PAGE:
The Ruger SR1911 is a traditionalist’s dream, employing a “Series 70”-style firing system. Ruger chose to make the pistol from stainless steel for added hardiness and corrosion resistance.
I had the opportunity to work with Ruger’s new SR1911 during a writer’s event at Gunsite in December 2010. Ruger hosted the event for the 1911 and Scout Rifle at the world famous facility—what better place to introduce two guns that helped define what Gunsite is all about? While there, Gunsite instructors Chris Weare and LaMont Kintsel put the group through a short training course, including a number of the school’s more famous drills. Over a two-and-a-half day period, I put more than 600 rounds through my loaner gun without cleaning it and never suffered a single malfunction. I was also very surprised at the level of accuracy the gun displayed. My past experience has been that can either make it accurate (read that tight) or reliable (read that loose), but having both is oftentimes fleeting. Ruger seemed to have found the right combination, and my school gun ran unhindered while being capable of placing unsupported shots inside a 4-inch circle at 25 yards…even with my old eyes!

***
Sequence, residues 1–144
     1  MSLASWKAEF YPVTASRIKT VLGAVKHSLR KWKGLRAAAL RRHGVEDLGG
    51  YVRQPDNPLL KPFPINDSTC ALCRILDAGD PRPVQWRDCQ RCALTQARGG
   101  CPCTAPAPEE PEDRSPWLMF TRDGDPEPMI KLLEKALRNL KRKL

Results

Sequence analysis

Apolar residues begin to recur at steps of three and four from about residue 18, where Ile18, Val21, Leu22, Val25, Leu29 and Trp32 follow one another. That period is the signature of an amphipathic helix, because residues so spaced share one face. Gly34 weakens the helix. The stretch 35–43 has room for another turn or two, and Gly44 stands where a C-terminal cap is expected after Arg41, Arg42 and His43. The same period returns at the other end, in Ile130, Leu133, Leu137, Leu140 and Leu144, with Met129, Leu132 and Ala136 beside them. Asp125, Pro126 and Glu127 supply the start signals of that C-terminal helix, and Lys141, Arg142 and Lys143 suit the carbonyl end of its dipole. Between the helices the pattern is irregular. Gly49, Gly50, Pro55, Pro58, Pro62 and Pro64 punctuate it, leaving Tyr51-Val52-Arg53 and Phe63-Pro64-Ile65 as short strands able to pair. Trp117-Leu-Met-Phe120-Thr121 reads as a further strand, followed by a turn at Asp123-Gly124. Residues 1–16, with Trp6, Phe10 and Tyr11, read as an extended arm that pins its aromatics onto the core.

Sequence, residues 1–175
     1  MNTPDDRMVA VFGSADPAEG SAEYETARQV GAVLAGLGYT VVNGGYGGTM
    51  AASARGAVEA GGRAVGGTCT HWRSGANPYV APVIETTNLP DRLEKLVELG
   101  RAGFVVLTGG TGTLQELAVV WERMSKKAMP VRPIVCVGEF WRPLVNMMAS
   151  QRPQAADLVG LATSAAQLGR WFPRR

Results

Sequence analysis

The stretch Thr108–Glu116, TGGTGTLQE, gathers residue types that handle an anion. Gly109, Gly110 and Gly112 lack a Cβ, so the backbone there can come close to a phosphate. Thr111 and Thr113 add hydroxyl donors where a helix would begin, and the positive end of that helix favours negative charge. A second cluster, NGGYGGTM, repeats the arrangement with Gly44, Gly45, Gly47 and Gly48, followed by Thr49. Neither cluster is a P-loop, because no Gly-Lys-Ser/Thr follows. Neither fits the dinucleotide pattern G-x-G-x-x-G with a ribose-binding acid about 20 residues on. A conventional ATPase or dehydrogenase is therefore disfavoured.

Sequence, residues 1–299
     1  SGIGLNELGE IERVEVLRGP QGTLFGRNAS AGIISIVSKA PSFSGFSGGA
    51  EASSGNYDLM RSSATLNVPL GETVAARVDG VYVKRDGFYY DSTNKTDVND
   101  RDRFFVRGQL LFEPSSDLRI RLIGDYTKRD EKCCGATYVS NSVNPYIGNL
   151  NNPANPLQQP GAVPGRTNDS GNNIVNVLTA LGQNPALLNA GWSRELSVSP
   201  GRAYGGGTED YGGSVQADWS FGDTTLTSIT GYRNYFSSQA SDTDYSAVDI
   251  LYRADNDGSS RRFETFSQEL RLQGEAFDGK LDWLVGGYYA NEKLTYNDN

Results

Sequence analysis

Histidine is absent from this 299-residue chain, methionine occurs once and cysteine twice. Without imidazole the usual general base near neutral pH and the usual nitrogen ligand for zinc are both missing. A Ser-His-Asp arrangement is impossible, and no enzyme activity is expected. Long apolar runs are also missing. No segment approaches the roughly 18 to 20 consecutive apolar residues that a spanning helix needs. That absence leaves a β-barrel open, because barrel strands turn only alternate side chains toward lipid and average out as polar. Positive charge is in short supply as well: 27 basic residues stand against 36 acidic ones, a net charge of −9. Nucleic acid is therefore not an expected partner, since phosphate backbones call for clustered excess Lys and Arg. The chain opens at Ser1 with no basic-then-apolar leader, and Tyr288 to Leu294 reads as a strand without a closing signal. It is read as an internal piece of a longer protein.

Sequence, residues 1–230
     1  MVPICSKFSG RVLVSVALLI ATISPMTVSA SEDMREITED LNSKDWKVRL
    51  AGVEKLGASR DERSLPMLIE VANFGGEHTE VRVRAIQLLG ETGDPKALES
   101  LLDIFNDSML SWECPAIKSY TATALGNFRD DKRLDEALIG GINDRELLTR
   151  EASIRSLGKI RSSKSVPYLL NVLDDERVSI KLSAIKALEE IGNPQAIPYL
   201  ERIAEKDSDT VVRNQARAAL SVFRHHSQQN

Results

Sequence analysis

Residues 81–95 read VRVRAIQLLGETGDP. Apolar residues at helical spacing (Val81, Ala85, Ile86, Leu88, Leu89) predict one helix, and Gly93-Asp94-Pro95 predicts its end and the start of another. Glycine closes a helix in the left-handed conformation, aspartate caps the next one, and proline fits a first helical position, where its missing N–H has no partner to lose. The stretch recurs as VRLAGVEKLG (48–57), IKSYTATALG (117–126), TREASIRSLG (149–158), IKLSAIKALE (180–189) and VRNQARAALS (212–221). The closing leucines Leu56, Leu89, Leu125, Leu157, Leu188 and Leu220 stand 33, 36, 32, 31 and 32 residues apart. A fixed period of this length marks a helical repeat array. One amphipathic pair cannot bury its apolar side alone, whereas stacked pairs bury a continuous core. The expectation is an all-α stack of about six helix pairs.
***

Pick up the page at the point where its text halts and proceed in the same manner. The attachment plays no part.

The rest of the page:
Everyone in attendance was very impressed with the gun. Gunsight Master Instructor Chris Weare, who owns his share of 1911 pistols, told me that he liked the Ruger version enough to buy it—if you have ever met Chris you know that he doesn’t give such an endorsement readily.
While Ruger’s gun is considered a Series 70 1911 (no trigger bar plunger safety, original style barrel bushing, but has titanium firing pin), they took the time to study the classic design and see where they could make it better without messing with Browning’s brilliance. Enhanced instead of “improved” is the best term to describe what Ruger has done with this 1911.